In line with the start of the new year on Monday in Europe, US investors apparently prepared/hoped for inflationary pressures to gradually ease in the upcoming year. Even with few data to support this view, US yields joined the European bond market rally with US yields declining between 5.6 bps (2-y) and 13.7 bps (10-y). European bonds enjoyed follow-through gains too, supported by a faster-than-excepted slowing in December German inflation. Headline HICP inflation dropped 1.2 % M/M ‘easing’ the Y/Y price rise to 9.6%, down from 11.3% Y/Y in November. However, a big part of the decline was due to government measures to mitigate consumers’ energy bills. At the same time, food prices continue to rise. Next to the inflation data, December German unemployment data pointed the persistent labour market resilience with a decline in the number of unemployed (-15k) lowering the unemployment rate to 5.5%. This suggests a risk of ongoing upside wage pressures. At least for now, investors were happy to embrace the lower-than-expected headline inflation. A decline in oil and European gas prices, supported this narrative. German yields eased another 3.9 bps (2-y) to 8.7 bps (30-y). Contrary to what happened in Europe, the bond rally didn’t help US equities with the Dow closing little changed (-0.03%) and the Nasdaq ceding 0.76%. Europe again outperformed (EuroStoxx50 +0.68%). FX market showed a mixed picture. A combination of USD strength and euro softness pushed EUR/USD off a cliff (close 1.0548 from an open of 1.0667). Sterling declined against the dollar (cable close 1.1968) but gained against the euro (close 0.8813). The yen initially continued its outperformance, but returned gains later the session, closing at 131.02. The test of the key 130.41/58 support area continues.
This morning, Hong Kong, South Korean and Australian shares gain, amongst others, supported by headlines that China might provide additional support for its ailing property sector. Japanese equities decline on a strong yen. The positive risk sentiment arrests further USD gains (DXY 104.5). The yuan (USD/CNY 6.894) and the yen (USD/JPY 130.80) remain well bid. EUR/USD (1.0565) gains modestly.
Later today, French CPI data (expected 0.40% and 7.30% from 7.10%) probably will show slightly different dynamics from the German data. In the US, the manufacturing ISM (expected at 48.5 from 49.0) and the JOLTS job openings will bring new insights on the pace of slowdown in the US economy. Later, the Fed will publish the minutes of ‘hawkish’ December 14 Fed policy meeting. The day-to-day momentum clearly is bond-friendly. At the same time, US markets already discount quite some ‘softness’ (only a 30% chance of a 50 bps early February rate hike vs 25 bps). In this context, data showing economic resilience might slow the bond market rally. On FX markets, the dollar might remain better bid short term. It probably will take really negative US data surprises for EUR/USD to return to the 1.0735 resistance soon.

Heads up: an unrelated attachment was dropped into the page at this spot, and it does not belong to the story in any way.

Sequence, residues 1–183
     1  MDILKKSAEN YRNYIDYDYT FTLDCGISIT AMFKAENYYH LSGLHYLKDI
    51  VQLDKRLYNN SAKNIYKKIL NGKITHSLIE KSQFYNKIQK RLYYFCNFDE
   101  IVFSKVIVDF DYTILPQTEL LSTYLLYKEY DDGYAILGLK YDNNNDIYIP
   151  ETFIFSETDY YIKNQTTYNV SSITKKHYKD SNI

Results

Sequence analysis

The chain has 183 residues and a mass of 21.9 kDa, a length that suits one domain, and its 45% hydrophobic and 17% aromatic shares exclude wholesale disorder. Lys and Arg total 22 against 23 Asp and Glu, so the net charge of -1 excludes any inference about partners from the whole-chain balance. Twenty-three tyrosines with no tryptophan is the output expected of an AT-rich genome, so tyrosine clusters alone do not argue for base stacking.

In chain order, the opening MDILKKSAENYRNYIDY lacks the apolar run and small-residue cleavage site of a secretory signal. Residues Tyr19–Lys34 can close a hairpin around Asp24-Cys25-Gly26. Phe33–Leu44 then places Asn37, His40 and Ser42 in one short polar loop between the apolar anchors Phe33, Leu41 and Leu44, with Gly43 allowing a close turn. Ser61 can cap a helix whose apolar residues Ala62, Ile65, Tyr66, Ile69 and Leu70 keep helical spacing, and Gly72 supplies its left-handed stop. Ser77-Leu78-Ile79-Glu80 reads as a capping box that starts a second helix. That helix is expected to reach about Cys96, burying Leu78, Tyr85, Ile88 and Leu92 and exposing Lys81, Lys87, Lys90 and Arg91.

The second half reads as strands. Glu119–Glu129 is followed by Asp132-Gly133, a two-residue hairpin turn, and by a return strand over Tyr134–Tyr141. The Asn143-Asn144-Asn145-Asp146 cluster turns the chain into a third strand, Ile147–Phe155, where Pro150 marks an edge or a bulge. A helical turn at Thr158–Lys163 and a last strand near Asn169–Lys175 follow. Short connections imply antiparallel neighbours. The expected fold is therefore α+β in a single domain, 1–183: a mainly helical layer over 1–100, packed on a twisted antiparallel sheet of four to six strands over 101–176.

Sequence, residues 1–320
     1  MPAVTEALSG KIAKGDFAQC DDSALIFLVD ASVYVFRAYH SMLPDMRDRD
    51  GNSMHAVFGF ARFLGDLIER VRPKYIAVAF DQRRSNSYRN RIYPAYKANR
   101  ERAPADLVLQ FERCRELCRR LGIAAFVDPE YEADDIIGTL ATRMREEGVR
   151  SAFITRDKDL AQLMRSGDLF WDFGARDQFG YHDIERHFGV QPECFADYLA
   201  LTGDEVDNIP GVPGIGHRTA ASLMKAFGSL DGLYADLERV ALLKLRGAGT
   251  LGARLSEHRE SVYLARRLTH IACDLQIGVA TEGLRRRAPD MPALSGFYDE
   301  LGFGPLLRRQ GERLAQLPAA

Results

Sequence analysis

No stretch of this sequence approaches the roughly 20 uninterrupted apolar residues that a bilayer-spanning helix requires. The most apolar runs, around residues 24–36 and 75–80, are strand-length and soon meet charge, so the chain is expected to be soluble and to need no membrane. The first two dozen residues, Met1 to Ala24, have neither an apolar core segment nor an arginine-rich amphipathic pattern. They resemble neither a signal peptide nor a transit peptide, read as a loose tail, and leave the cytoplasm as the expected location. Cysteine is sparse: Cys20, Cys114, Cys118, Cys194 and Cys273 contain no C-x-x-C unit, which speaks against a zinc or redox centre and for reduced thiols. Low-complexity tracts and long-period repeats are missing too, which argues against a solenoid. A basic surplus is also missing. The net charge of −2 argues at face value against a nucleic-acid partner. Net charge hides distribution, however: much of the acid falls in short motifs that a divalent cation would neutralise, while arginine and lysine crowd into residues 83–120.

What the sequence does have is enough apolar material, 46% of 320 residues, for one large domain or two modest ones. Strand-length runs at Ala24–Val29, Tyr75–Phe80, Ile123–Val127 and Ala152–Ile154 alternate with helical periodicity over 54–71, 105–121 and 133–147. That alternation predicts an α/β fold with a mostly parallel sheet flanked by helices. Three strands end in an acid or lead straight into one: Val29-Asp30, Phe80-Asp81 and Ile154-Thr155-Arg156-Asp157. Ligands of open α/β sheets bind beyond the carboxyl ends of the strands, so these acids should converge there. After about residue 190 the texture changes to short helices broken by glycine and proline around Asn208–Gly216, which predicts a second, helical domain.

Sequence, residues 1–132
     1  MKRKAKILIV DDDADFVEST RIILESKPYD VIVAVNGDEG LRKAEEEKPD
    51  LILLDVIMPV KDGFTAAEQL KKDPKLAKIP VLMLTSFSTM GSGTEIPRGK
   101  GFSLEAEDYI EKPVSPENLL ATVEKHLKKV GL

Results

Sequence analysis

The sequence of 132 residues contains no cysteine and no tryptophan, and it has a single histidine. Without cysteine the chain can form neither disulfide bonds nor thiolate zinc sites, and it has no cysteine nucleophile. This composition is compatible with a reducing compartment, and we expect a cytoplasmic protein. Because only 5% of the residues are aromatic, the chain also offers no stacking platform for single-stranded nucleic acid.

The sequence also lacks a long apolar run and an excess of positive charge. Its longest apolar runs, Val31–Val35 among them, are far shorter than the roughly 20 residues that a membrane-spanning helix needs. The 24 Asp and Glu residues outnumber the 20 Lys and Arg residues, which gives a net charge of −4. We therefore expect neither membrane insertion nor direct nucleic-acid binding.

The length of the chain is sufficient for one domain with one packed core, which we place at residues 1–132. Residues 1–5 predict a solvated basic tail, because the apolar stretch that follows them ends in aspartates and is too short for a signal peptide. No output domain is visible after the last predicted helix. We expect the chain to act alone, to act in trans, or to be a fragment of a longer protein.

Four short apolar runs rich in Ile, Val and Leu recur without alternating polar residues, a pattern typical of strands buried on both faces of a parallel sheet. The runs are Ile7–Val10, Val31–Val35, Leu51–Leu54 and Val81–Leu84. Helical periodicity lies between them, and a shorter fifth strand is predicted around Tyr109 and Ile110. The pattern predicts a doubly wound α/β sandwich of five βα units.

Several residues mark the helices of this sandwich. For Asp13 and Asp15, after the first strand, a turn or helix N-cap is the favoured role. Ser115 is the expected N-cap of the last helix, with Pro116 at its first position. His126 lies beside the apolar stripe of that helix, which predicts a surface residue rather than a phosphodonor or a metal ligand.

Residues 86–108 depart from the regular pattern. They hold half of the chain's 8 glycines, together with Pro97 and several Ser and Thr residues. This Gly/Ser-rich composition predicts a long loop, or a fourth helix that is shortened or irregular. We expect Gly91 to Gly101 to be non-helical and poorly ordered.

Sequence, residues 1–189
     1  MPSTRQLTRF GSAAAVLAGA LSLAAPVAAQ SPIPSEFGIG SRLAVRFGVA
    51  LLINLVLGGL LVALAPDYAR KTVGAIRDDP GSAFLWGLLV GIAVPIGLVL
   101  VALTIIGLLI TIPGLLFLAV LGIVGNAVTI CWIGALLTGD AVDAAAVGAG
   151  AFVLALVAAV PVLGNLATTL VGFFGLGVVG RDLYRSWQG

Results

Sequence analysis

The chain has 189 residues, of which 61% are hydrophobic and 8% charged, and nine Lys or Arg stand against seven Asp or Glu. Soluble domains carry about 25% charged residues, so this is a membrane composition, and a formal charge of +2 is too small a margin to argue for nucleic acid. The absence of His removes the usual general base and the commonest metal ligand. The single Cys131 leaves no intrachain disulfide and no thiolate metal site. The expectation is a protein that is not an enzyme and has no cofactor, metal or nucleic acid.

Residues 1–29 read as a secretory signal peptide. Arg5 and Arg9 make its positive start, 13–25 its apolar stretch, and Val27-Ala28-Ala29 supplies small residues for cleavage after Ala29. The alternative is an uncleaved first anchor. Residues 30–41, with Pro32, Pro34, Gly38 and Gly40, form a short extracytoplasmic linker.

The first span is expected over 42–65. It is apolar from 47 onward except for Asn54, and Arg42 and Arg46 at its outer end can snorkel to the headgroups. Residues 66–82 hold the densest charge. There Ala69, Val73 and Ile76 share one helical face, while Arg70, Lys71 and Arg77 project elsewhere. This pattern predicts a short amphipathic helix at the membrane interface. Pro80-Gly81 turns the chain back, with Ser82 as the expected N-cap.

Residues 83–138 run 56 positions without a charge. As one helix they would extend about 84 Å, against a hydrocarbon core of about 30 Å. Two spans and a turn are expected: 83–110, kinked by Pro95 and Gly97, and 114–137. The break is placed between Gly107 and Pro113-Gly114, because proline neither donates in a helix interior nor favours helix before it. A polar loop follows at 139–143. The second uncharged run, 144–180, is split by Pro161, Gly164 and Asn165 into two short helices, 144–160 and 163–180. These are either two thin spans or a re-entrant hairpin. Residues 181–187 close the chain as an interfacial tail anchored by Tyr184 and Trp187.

Chinese officials are mulling to resume some imports of Australian coal after a more than two-year ban, Bloomberg news agency reported. Beijing imposed the restrictions in late 2020 following amongst others Australia’s call for an independent investigation into the origins of the coronavirus which further damaged an already strained relationship. Australian foreign minister Penny Wong traveled to China in December for the first official visit in years in tentative signs of a thaw. By lifting the ban, China seeks to prevent any repeat of the broad power outages in 2021 and to a lesser extent in 2022 while Europe’s Russian oil restrictions could significantly increase demand/competition for coal from other key Chinese suppliers including Indonesia. The Aussie dollar soared on the news, outperforming in the G10 area. AUD/USD is testing the 0.68 big figure, up from 0.6727.
The since the midterms Republican-led US House of Representatives adjourned after Kevin McCarthy failed to secure a simple majority during the election for Speaker. He was shy 15 votes in the first round, making him the first majority party leader in a century to fail. Two subsequent rounds of voting didn’t yield a result either. Because of the ultra-thin Republican majority, the group of people voting against McCarthy have an outsized influence in the ballot. They were left disappointed after the predicted red wave during the midterms did not materialize and press for change in the party. The House cannot function without a Speaker and the process could drag on for days until McCarthy is able to garner enough support or steps aside in the race.